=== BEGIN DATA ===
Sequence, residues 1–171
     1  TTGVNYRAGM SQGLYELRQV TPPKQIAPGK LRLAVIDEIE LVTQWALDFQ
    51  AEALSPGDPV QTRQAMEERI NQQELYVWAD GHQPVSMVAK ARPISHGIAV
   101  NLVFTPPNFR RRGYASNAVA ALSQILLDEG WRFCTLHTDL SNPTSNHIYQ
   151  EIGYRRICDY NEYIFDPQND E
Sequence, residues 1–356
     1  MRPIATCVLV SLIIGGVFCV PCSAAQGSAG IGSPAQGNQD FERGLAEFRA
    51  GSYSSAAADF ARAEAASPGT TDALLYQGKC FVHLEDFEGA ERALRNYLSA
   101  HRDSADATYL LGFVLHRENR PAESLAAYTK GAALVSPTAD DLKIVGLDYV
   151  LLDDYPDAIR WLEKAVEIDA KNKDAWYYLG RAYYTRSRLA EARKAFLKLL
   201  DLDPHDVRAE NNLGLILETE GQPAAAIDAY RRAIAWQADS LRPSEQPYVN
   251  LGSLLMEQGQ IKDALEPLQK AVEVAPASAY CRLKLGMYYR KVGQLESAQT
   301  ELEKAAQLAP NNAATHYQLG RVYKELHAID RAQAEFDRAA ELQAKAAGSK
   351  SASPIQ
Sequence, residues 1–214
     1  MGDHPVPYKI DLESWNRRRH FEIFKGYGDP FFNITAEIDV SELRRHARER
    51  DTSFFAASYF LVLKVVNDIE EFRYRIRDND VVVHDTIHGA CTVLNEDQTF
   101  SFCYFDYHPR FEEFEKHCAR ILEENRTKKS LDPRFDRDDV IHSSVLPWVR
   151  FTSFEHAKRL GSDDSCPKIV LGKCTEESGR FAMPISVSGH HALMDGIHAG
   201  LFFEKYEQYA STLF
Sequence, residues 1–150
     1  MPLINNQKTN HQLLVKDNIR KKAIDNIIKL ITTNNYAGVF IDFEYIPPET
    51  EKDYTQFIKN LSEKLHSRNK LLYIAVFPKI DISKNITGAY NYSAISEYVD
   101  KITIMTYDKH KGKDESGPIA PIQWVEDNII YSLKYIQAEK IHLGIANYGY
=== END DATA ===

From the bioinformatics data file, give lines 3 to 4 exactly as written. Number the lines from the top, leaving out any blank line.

    51  AEALSPGDPV QTRQAMEERI NQQELYVWAD GHQPVSMVAK ARPISHGIAV
   101  NLVFTPPNFR RRGYASNAVA ALSQILLDEG WRFCTLHTDL SNPTSNHIYQ